While we wait for the final denouement of this month’s Party Congress here in Beijing, what is striking to me is not that Xi is making history, but that his ideas are set to fundamentally alter the historical narrative of Modern China according to the CCP.
Author Damien Ma offered this quick take on Xi Jinping and the 新时代 or ‘New Age.’
Xi’s ascension into the pantheon also makes it likely, as US-based China watcher Bill Bishop has suggested, that regardless of what titles Xi does or does not have post-2022, his power is near absolute so long as he is alive. His ideas now carry the weight of Party Orthodoxy. Challenging Xi is akin to challenging core doctrine.
(By the way, if you’re not following what Damien is doing on his MacroPolo site or have yet to sign up for the premium version of Bill Bishop’s Sinocism Newsletter, you are missing some of the best analysis of China’s political and economic trends.)
But apart from whatever the enshrinement of Xi’s “New Era of Socialism with Chinese Characteristics” (新时代中国特色社会主义思想) means for Chinese politics in the short-and long-term, it also signals a historiographic shift and a departure in the Party’s own understanding of Chinese history, as well as its own place in that narrative.
In the years after the death of Chairman Mao — particularly the difficult period following the Tiananmen demonstrations — Party theoreticians looked for a way to embed the Party in the broader context of China’s history. The Party would still represent a unique and inevitable force for China’s modernization and liberation, but it would also be a cultural steward, both defender and heir to China’s long history, a history which itself would be deployed as a narrative counterpoint to China’s development and modernization even as the Party mined China’s past for elements useful in the alchemy of national identity in an increasingly globalized world.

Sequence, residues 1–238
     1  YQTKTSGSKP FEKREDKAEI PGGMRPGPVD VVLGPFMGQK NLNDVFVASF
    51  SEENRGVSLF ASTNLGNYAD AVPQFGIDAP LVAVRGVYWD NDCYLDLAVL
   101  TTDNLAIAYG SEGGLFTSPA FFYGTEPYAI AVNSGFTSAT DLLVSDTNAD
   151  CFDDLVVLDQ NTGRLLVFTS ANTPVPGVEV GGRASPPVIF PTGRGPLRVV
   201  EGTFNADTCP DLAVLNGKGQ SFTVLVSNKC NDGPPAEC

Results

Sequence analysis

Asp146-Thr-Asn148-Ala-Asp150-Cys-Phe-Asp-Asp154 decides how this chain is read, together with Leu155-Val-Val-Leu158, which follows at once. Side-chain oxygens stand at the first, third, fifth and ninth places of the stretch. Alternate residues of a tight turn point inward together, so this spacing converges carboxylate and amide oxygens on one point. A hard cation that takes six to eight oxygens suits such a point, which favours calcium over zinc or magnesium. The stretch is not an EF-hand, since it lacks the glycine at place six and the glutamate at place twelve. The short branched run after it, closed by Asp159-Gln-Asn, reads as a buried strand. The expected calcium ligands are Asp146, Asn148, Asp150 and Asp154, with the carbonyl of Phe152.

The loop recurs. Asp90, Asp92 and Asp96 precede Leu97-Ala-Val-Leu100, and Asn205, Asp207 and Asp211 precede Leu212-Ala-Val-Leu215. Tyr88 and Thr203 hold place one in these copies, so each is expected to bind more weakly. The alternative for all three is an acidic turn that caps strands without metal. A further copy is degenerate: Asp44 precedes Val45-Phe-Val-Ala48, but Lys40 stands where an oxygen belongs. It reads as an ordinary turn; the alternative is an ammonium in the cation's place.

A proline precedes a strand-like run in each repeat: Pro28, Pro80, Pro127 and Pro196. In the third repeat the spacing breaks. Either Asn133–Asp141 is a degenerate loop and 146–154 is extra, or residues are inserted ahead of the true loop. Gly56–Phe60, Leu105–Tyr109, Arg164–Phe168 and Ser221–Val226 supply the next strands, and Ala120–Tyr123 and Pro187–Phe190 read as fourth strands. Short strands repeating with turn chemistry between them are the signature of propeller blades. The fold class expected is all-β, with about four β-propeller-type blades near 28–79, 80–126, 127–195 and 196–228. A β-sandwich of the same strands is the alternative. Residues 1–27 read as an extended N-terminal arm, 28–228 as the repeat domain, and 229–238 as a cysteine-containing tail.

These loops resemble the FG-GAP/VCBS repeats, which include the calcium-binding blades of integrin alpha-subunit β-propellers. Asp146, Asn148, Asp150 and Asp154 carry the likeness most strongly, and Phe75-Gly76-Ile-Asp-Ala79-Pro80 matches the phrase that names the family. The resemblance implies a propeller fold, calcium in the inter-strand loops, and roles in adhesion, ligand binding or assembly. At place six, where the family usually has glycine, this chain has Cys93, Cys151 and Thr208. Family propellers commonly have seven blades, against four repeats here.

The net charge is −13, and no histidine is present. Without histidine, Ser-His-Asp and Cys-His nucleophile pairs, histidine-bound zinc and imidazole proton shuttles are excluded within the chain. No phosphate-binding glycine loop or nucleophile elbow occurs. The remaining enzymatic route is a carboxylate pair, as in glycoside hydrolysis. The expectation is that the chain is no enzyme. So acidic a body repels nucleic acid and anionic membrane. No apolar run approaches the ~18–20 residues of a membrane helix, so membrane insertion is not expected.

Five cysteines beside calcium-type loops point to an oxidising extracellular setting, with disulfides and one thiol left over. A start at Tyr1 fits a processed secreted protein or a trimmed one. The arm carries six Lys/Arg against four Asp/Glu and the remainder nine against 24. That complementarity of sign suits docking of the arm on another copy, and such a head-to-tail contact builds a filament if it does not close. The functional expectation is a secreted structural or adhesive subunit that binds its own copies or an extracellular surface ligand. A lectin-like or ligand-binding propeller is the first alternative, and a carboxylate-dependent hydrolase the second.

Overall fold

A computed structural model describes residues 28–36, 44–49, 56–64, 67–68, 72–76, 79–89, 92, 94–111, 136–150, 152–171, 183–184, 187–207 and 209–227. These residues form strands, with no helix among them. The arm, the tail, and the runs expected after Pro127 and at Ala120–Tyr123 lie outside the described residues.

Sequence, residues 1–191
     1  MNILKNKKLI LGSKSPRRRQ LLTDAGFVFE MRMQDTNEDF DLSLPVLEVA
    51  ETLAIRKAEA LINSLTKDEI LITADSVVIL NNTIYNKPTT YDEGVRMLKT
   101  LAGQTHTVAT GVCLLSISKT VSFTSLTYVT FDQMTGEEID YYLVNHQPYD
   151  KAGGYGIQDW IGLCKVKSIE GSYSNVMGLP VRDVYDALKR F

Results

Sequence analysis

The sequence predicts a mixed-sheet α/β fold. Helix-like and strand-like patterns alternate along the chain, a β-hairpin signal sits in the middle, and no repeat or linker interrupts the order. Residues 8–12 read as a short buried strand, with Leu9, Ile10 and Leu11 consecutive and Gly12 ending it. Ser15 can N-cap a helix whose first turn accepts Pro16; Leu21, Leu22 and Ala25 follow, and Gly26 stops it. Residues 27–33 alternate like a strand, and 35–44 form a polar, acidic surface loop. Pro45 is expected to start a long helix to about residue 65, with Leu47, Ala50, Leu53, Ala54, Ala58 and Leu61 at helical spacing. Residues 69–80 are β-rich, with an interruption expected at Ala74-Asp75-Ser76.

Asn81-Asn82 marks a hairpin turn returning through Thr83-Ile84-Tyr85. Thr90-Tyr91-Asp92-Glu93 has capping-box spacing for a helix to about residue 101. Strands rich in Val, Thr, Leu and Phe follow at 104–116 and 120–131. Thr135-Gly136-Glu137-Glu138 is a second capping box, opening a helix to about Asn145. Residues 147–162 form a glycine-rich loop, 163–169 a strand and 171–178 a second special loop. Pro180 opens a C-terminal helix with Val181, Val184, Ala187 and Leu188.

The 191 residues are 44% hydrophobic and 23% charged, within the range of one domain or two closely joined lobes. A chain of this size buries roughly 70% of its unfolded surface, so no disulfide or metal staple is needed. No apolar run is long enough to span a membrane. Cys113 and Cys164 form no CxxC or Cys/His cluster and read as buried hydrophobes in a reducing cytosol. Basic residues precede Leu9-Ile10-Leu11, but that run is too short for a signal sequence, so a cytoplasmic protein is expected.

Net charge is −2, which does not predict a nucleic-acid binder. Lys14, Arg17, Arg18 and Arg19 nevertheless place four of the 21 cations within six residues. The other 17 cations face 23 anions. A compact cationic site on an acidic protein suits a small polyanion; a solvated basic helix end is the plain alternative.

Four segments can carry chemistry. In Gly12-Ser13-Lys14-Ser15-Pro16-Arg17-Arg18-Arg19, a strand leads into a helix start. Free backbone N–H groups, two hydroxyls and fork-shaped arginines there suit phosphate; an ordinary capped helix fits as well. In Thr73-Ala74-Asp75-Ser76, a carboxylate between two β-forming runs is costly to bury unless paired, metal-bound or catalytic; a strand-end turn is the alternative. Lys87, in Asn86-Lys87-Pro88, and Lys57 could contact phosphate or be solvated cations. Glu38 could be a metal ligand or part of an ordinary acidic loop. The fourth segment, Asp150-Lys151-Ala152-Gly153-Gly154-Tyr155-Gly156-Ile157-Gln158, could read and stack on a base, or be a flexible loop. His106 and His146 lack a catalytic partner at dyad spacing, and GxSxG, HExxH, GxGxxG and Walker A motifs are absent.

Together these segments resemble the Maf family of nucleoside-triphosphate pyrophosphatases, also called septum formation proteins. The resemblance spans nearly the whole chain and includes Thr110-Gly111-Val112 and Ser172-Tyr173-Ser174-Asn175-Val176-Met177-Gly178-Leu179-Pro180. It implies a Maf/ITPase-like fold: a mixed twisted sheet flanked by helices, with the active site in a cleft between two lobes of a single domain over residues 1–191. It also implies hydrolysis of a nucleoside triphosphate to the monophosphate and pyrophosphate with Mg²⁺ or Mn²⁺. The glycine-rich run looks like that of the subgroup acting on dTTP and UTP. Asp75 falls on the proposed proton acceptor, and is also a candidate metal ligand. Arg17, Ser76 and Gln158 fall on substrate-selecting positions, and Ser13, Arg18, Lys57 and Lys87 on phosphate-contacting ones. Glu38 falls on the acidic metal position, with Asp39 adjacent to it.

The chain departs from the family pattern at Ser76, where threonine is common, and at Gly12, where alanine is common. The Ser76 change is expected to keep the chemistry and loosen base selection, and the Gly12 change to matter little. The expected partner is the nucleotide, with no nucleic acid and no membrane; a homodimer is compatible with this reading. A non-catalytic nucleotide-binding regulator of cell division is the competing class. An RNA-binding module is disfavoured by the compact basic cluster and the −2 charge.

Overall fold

Marx — and Mao, at least publicly — had little use for China’s not-so-distant past. Yet Marxism and Maoism were losing their mojo. A new narrative was needed. A narrative of not only revolution, but of rejuvenation.
One of Xi Jinping’s first acts as the Party’s new leader in 2012 was to take the other members of the Politburo Standing Committee on a field trip 500 meters across Tiananmen Square to the recently renovated National Museum and the museum’s flagship exhibit: “The Road to Rejuvenation” (复兴之路).
As Ian Johnson wrote in the New York Times Sunday Review earlier this month:
Two weeks after taking China’s top office in November 2012, Xi Jinping took part in what seemed like a throwaway photo op. He took his top lieutenants to the newly renovated National Museum of China, a vast hall stuffed with relics of China’s glorious past: terra-cotta soldiers from Xi’an, glazed statues from the Tang dynasty and rare bronzes from the distant Shang dynasty.
But Mr. Xi chose as his backdrop a darker exhibition: “The Road of Rejuvenation.” It tells the story of how China was laid low by foreign countries in the 19th and 20th centuries but is now on the path back to glory. There, in front of images of China’s subjugation, Mr. Xi announced that his dream was to complete this sacred task. This soon became the “China Dream” and has shaped his rule ever since.